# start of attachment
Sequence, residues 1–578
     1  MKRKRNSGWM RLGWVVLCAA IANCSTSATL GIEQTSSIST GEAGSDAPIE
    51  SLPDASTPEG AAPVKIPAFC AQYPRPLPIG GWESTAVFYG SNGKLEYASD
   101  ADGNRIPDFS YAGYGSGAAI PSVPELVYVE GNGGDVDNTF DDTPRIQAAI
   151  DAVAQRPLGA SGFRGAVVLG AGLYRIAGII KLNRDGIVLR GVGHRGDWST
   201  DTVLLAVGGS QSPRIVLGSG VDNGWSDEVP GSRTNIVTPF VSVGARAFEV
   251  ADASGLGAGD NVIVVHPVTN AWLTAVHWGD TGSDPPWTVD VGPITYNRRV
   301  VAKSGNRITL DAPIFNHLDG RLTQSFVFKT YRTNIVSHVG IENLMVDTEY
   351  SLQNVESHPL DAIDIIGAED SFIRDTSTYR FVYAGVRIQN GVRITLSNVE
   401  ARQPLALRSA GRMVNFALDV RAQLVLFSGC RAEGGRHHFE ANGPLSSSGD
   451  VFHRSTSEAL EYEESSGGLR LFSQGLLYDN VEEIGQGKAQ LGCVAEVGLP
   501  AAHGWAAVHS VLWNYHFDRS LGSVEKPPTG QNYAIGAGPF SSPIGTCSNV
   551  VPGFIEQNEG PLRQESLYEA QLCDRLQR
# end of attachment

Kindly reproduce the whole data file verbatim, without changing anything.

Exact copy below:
Sequence, residues 1–578
     1  MKRKRNSGWM RLGWVVLCAA IANCSTSATL GIEQTSSIST GEAGSDAPIE
    51  SLPDASTPEG AAPVKIPAFC AQYPRPLPIG GWESTAVFYG SNGKLEYASD
   101  ADGNRIPDFS YAGYGSGAAI PSVPELVYVE GNGGDVDNTF DDTPRIQAAI
   151  DAVAQRPLGA SGFRGAVVLG AGLYRIAGII KLNRDGIVLR GVGHRGDWST
   201  DTVLLAVGGS QSPRIVLGSG VDNGWSDEVP GSRTNIVTPF VSVGARAFEV
   251  ADASGLGAGD NVIVVHPVTN AWLTAVHWGD TGSDPPWTVD VGPITYNRRV
   301  VAKSGNRITL DAPIFNHLDG RLTQSFVFKT YRTNIVSHVG IENLMVDTEY
   351  SLQNVESHPL DAIDIIGAED SFIRDTSTYR FVYAGVRIQN GVRITLSNVE
   401  ARQPLALRSA GRMVNFALDV RAQLVLFSGC RAEGGRHHFE ANGPLSSSGD
   451  VFHRSTSEAL EYEESSGGLR LFSQGLLYDN VEEIGQGKAQ LGCVAEVGLP
   501  AAHGWAAVHS VLWNYHFDRS LGSVEKPPTG QNYAIGAGPF SSPIGTCSNV
   551  VPGFIEQNEG PLRQESLYEA QLCDRLQR